Zebrafish HSCs share their cellular origin with the ECs of the DA. At 24 hours after fertilization (hpf), runx1 is first expressed in a ventral subpopulation of DA angioblasts that express the vascular endothelial growth factor (Vegf) receptor 2, Kdrl (also known as Flk1).8 Furthermore, DA ECs and HSCs share common signaling requirements. Arterial gene expression and HSC emergence require intact Hedgehog, Vegf, and Notch signaling pathways, whereas venous ECs and primitive RBCs develop normally when these pathways are blocked.8,14,15 Hedgehog that is produced by the notochord and the floor plate induces VegfA secretion by the medioventral somites. VegfA is detected by the Kdrl-expressing DA angioblasts as they reach the midline. This in turn induces Notch signaling within the DA angioblast cord. Activation of Notch receptors by their ligands triggers a cascade of events. First, the ligand undergoes endocytosis in a process that requires ligand ubiquitination, which is mediated by ubiquitin E3 ligases such as Mind bomb (Mib). During endocytosis, the ligand removes the extracellular domain of the Notch receptor. Proteolytic cleavage of the remaining receptor leads to the release of Notch intracellular domain (NICD) and to its transfer to the nucleus, where it forms a complex with Mastermind and Rbpj [also known as CSL or Su(H)]. This complex drives expression of downstream targets by binding to Rbpj binding sites in promoter and enhancer sequences.16 Notch signaling in the DA angioblast cord induces arterial specification and HSC formation, a role that is conserved in all vertebrates.17,18

Lineage-labeling experiments suggested that DA and PCV progenitors are already distinct in the PLM.19 A very recent study proposed that the vascular progenitors only segregate into aorta and vein much later, when they are in the midline.20 A transcription factor implicated in the process of committing angioblasts to the DA is Hey2. Hey2 is one of the hairy/enhancer-of-split-related basic helix-loop-helix transcription factors that often act as repressors of gene expression downstream of Notch signaling. Zebrafish hey2 was first identified as the gene mutated in gridlock (grlm145) mutants, which display a specific block in caudal blood circulation. This block is due to the failure to form a proper vessel connection between the anterior bilateral aortae and the single posterior dorsal aorta.21 Formation of collateral vessels eventually reestablishes blood flow to the posterior aorta in the mutants.22 In the mutant allele, the stop codon is replaced with an additional 44 codons, which extends the original protein at the C-terminus. The mutated protein retains some activity in rescue experiments, which suggests that grlm145 is a hypomorph.23 Hey2 morphants were reported to have a more severe vascular defect that is characterized by a complete loss of the DA angioblast cord and an expansion of the PCV, which suggests that the role of Hey2 is to recruit angioblasts in the PLM to the DA.19 The presence of an Rbpj binding site in the hey2 promoter and experiments in which a dominant-negative Rbpj protein was misexpressed in zebrafish embryos suggested that hey2 acts downstream of Notch signaling in this context. However, mib (mibta52b) embryos that are deficient in Notch signaling and are unable to express arterial genes such as efnb2a do retain a DA angioblast cord, initiate blood circulation (only to lose it later), and display hey2 expression in the DA angioblast cord at 24 hpf.24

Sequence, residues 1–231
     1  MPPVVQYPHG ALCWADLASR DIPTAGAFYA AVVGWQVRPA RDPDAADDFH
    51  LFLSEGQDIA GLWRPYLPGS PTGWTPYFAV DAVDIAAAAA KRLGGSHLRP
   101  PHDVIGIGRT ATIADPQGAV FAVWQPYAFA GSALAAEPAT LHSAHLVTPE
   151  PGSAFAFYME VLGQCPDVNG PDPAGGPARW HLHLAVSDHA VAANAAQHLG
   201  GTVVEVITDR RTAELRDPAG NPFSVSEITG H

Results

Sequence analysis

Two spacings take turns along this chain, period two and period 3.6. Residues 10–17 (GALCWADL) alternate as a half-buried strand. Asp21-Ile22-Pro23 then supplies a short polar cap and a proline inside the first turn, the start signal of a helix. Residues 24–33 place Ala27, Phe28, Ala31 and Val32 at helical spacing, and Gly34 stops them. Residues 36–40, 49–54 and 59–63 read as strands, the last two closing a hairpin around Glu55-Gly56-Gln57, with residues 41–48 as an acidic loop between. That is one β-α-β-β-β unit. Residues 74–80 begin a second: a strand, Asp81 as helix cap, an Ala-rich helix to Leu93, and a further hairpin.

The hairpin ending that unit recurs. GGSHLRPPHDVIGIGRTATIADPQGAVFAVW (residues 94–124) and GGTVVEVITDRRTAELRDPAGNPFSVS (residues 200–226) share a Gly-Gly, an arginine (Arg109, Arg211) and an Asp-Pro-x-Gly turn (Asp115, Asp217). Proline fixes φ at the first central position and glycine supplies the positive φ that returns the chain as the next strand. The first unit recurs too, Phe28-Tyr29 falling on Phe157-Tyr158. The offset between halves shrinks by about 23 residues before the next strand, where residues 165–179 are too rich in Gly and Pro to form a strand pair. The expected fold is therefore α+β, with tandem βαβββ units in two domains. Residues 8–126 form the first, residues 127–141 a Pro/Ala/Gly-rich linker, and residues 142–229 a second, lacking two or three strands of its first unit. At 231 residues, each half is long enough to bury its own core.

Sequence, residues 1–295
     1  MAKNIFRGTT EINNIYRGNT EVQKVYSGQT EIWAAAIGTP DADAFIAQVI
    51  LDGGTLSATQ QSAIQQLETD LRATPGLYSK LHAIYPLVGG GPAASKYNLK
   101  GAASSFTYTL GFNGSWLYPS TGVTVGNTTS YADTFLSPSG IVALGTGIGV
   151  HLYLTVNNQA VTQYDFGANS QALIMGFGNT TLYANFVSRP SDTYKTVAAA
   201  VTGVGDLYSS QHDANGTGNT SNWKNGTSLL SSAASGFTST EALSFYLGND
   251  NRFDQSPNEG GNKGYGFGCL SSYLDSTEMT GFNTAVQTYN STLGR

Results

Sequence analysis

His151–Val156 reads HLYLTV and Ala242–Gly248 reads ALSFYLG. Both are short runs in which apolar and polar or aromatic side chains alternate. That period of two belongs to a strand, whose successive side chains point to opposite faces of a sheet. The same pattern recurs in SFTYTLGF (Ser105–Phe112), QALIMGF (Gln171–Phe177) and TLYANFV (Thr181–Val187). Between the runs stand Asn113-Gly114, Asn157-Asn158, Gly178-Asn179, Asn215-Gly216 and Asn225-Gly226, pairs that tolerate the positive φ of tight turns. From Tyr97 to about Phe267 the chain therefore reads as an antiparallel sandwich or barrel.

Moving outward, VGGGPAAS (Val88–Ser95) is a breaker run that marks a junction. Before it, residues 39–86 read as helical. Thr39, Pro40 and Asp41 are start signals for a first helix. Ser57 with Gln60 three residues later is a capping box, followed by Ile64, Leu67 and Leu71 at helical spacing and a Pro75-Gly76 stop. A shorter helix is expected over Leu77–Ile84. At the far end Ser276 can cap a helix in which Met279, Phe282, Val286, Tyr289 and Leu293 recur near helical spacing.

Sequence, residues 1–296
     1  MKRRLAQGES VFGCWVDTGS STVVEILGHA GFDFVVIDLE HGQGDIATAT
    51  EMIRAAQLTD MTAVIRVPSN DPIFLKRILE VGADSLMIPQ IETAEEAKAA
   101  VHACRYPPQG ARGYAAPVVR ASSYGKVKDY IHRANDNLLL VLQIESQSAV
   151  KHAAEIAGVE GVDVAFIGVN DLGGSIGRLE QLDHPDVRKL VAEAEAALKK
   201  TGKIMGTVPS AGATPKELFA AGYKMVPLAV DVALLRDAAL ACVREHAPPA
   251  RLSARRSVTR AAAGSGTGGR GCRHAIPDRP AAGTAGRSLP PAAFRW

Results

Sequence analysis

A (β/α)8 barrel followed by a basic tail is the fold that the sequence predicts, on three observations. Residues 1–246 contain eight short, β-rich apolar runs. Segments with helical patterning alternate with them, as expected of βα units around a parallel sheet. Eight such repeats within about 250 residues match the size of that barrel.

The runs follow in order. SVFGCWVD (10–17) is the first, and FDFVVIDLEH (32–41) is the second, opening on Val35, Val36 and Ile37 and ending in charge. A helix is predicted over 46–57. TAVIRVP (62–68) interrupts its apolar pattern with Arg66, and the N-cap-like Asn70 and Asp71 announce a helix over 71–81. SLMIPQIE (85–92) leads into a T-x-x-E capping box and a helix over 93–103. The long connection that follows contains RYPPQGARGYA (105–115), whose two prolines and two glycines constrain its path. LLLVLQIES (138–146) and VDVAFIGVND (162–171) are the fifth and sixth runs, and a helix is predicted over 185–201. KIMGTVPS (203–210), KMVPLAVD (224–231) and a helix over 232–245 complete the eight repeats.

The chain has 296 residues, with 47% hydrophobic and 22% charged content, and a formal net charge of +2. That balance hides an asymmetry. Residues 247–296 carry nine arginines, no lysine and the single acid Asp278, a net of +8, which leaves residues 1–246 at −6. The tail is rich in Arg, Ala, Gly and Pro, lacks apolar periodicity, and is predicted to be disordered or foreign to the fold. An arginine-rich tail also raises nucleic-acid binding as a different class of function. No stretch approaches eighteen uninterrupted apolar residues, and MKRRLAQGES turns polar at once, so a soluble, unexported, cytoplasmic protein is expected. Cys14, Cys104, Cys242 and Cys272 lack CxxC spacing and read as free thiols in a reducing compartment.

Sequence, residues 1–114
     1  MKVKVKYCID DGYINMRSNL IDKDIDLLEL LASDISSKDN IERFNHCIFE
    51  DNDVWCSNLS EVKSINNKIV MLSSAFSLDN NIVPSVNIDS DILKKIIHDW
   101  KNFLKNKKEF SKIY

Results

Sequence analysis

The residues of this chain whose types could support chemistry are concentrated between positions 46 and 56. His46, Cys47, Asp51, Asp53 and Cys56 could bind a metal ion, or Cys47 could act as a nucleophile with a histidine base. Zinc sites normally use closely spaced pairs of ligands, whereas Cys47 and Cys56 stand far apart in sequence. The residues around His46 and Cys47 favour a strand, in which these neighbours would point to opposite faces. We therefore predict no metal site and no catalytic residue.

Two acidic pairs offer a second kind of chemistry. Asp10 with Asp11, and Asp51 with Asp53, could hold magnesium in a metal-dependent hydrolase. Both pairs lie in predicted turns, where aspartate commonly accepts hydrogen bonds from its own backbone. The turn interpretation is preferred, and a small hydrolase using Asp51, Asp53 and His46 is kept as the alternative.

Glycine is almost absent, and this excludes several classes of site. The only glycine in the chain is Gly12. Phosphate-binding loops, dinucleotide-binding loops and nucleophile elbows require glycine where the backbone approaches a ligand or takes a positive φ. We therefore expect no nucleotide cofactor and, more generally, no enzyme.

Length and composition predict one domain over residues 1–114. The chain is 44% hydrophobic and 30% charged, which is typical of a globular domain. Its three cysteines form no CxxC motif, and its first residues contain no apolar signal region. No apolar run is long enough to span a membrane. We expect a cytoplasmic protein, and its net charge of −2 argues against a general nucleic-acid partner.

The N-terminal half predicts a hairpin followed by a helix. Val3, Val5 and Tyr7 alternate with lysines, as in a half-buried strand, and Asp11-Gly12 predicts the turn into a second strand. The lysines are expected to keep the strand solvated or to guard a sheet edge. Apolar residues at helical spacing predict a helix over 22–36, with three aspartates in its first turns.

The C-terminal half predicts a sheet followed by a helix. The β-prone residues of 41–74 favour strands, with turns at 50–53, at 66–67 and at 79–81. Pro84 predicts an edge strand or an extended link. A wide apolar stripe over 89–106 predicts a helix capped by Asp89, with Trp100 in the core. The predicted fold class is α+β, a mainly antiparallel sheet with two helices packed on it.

Here, we show that hey2 not only is needed for arterial gene expression but also is essential for HSC formation in zebrafish embryos. Our expression analyses suggest that hey2 acts upstream rather than downstream of Notch in the gene regulatory network that governs arterial specification and HSC formation. Consistent with this notion, runx1 and efnb2a expression can be rescued in hey2-deficient embryos through activation of the Notch signaling pathway. Our experiments reveal that early endothelial programming is needed for Notch-induced HSC gene expression.

Methods

Maintenance of fish stocks

Breeding zebrafish were maintained and embryos were raised and staged according to The Zebrafish Book.25 The mutant alleles used were clos5, mibta52b, and grlm145. The following transgenic lines were used: TG(hsp70:gal4), TG(uas:notch1a-intra), TG(fli1:egfp), and TG(cd41:gfp). The Zebrafish Book, as well as information on all the lines, is available online at zfin.org. All animal work was approved by the ethics review committee of the University of Nottingham and performed under United Kingdom Home Office project license no. 40/2893.